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Introduction to Ascomycetes

Carolina Labsheets™

This lab introduces students to the variation found in the fungal phylum Ascomycota. Students examine four representatives: Anthracobia muelleri, Eurotium chevalieri, Schizosaccharomyces octosporus, and Sordaria fimicola. Schizosaccharomyces is a unicellular yeast, while the others show typical mycelial growth.

Student Lab Sheet

Needed Materials*

Ascomycete Fruiting Set (155822)

dissecting needles

Bunsen burners or alcohol lamps

dropping pipets

beakers or cups for water

microscope slides




This activity requires that students work with fungal cultures and open flames. Have students wipe down all work surfaces before and after the lab, using disinfectant. Ensure that students wash their hands before and after the lab. Destroy any cultures remaining at the end of the lab by autoclaving or by flooding them with disinfectant overnight before proper disposal.

Ensure that students understand and adhere to safe laboratory practices when performing any activity in the classroom or lab. Demonstrate the protocol for correctly using the instruments and materials necessary to complete the activities, and emphasize the importance of proper usage. Use personal protective equipment such as safety glasses or goggles, gloves, and aprons when appropriate. Model proper laboratory safety practices for your students and require them to adhere to all laboratory safety rules.


Students may work individually or in pairs.

Scheduling presents a problem because the cultures must be used when ascocarps (fruiting bodies) are at their optimum stage. A plate that is ready to use can be maintained under refrigeration for up to 2 days before use.

Look for circular growths of about 1 mm diameter that develop near the margin of the plate. These are the apothecia.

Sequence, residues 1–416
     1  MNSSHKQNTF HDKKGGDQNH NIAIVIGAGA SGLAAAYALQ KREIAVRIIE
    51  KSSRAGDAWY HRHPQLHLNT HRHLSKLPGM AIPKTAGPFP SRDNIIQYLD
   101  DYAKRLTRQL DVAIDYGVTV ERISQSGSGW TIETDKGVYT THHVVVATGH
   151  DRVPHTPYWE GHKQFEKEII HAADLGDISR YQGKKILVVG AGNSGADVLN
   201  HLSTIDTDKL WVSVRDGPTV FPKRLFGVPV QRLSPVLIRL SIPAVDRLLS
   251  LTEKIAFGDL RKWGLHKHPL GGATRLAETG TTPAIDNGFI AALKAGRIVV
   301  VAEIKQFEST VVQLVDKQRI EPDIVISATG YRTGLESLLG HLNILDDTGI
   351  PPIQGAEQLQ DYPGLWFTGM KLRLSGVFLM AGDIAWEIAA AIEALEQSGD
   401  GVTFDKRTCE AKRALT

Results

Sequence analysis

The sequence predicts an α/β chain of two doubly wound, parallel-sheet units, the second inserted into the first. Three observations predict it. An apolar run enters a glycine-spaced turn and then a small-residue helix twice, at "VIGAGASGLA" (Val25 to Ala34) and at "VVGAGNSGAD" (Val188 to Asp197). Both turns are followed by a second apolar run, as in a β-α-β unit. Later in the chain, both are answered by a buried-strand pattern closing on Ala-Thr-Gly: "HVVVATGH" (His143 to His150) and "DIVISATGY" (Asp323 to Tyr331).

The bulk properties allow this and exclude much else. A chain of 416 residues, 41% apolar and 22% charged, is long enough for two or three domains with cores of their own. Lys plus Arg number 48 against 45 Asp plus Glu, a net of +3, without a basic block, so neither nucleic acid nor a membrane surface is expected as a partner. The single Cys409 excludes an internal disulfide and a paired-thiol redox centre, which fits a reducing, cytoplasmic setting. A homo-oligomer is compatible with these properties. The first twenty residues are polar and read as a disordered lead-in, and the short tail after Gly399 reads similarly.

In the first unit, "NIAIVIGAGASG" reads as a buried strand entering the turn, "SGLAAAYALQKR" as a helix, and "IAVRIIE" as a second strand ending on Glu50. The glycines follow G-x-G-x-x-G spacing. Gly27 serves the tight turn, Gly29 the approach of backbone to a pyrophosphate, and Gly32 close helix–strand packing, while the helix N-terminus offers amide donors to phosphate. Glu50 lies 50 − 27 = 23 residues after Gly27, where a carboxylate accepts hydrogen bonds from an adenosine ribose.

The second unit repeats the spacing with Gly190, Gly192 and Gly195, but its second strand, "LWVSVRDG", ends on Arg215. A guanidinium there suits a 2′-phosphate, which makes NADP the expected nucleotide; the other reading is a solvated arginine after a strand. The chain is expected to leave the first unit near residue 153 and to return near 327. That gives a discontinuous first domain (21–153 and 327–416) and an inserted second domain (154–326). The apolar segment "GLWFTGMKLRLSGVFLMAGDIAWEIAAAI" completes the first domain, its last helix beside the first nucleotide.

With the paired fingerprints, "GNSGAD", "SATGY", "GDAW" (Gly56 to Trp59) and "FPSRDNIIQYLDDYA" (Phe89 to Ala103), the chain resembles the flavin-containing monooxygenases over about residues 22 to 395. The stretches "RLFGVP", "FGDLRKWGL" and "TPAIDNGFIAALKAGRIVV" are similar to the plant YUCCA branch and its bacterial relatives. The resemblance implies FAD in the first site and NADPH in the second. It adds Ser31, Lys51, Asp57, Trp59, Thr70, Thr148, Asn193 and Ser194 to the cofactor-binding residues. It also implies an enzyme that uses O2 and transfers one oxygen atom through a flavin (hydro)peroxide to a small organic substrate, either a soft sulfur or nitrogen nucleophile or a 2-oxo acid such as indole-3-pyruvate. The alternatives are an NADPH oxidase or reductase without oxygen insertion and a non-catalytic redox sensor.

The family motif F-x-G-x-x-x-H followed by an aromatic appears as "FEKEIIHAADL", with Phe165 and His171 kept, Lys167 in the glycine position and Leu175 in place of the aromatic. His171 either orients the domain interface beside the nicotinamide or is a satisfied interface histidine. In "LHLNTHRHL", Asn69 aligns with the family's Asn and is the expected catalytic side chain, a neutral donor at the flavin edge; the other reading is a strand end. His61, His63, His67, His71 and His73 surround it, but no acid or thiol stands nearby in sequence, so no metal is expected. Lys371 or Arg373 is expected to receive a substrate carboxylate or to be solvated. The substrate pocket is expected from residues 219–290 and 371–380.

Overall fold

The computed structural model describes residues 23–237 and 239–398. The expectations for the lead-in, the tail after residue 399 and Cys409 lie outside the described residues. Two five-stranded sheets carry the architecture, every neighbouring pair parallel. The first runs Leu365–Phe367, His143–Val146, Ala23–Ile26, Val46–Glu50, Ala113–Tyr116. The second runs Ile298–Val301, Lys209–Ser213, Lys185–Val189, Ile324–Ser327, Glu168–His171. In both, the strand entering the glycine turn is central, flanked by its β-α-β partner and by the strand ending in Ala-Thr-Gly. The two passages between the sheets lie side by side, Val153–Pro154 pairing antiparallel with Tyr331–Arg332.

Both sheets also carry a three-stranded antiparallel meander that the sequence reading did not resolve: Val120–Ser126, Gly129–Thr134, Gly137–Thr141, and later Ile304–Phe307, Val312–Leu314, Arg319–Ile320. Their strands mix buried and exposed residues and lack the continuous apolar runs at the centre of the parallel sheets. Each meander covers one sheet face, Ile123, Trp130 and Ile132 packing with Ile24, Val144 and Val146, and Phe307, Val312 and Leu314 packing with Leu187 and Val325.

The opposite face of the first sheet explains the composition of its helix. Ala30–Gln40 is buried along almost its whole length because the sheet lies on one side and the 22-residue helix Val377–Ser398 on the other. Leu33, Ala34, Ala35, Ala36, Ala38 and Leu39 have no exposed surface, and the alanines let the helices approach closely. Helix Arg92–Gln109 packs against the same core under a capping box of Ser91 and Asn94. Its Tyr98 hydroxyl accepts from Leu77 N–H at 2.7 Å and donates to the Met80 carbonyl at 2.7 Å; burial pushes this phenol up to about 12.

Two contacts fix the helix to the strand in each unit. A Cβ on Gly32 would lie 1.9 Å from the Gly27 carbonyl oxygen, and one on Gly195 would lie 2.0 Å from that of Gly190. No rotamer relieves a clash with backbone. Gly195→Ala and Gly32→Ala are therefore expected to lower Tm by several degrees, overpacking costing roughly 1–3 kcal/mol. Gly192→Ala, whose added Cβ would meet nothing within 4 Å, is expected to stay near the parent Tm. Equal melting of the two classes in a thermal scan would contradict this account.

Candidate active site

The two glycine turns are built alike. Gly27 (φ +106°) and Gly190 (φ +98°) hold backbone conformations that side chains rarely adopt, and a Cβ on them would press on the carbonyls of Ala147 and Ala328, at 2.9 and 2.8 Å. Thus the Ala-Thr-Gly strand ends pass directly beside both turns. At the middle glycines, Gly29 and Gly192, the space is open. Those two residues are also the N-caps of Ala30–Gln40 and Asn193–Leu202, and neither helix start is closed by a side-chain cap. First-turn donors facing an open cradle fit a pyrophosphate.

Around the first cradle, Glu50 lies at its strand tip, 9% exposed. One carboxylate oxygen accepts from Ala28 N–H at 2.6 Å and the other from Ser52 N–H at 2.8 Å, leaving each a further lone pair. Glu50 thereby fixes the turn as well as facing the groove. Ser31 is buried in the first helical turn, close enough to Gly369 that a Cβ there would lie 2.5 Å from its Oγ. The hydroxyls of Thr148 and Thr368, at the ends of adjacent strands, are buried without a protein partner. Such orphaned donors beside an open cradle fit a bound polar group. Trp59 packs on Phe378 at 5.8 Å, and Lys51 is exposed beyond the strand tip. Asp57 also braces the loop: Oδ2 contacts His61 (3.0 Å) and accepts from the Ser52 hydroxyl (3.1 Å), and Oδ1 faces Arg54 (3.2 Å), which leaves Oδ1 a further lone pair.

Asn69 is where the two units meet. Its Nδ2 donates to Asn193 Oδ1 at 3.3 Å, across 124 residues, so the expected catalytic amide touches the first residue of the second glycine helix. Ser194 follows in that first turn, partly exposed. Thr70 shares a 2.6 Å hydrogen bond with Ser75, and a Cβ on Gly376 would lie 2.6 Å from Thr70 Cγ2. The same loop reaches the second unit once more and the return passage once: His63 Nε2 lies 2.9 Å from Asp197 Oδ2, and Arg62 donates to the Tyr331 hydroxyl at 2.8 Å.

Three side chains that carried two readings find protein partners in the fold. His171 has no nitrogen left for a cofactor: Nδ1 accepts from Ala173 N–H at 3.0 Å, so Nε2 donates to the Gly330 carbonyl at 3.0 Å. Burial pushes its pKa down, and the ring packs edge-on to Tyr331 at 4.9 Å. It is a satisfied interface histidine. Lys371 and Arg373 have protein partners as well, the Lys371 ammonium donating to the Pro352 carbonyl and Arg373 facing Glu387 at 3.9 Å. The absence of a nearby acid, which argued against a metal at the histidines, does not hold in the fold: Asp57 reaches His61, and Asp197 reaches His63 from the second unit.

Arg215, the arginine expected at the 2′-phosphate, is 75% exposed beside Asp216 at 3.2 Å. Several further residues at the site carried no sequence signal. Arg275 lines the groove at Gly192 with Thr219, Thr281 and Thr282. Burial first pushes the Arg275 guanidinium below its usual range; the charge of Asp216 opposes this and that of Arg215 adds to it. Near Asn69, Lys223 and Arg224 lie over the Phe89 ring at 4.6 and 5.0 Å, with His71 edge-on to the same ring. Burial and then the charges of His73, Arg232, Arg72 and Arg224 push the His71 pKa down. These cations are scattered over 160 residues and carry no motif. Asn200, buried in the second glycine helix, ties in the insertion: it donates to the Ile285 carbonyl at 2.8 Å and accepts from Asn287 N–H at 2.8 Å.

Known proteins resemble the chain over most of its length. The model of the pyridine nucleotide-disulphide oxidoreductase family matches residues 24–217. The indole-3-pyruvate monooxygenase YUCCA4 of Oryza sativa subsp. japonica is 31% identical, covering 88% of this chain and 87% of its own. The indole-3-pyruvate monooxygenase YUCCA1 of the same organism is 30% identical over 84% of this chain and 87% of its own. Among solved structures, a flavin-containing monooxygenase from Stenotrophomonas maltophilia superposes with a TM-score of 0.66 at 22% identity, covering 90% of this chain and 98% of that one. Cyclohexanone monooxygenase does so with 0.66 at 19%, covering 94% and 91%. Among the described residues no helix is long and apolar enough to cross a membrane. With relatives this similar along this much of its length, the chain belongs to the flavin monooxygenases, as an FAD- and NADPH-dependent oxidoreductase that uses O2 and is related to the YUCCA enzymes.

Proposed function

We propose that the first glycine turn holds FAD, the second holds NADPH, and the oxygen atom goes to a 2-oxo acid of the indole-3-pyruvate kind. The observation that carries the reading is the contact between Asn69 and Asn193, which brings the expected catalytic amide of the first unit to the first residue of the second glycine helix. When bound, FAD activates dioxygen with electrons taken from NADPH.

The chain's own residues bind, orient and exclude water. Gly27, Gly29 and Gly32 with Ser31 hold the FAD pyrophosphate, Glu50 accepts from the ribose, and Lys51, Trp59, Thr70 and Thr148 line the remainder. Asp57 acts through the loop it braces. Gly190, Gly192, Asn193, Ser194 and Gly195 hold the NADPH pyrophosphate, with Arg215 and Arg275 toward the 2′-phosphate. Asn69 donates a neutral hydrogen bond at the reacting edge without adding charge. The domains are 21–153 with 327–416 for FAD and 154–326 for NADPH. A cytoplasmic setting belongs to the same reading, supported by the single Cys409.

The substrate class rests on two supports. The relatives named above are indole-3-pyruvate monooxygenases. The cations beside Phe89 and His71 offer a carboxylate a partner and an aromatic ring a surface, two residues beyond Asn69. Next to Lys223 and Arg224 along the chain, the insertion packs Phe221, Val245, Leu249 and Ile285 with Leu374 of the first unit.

Use the plate when there are large green areas, produced by clusters of conidia. If you delay observation, the spores will be discharged.

This plate can be used at almost any time.

Watch for the development of dark specks (usually appearing first near the margin of the plate). These are the perithecia, which contain clusters of asci. If you wait too long after this point, the asci will have opened, discharging their spores.

Refer to the information about ascomycetes in the Techniques for Studying Bacteria and Fungi manual shipped with your order. (The manual can also be downloaded from carolina.com under Teacher Resources.)

Set up a workstation for each plate culture—Anthracobia, Eurotium, Schizosaccharomyces, and Sordaria—with the following:

plate culture
dropping pipet in beaker of water
dissecting needle
microscope slides
Bunsen burner or alcohol lamp
compound microscope (with scanning objective for 40× viewing)

Answer Key to Questions Asked on the Student LabSheet

Observe your slide using the scanning and low-power lenses of a microscope. The ascocarps are flask-shaped. Some will be crushed, releasing asci, which are tubular. Look closely at the end of an ascus and you may see the pore through which the spores will be ejected. Count the spores in an ascus. What is the normal number of spores per ascus?     8     These spores were produced by meiosis, and meiosis results in a tetrad of spores. What do you think happened after meiosis to produce the number that you observe?
Each spore underwent mitosis, to produce a total of eight ascospores.

Below is a description of three basic types of ascocarps. Using your observations, match each culture with its ascocarp.

Ascocarp type Description Example
Apothecium An open ascocarp that does not enclose the asci. Anthracobia       
Cleistothecium A completely closed ascocarp. Eurotium        
Perithecium An ascocarp with one opening. Sordaria        

Student Lab Sheet

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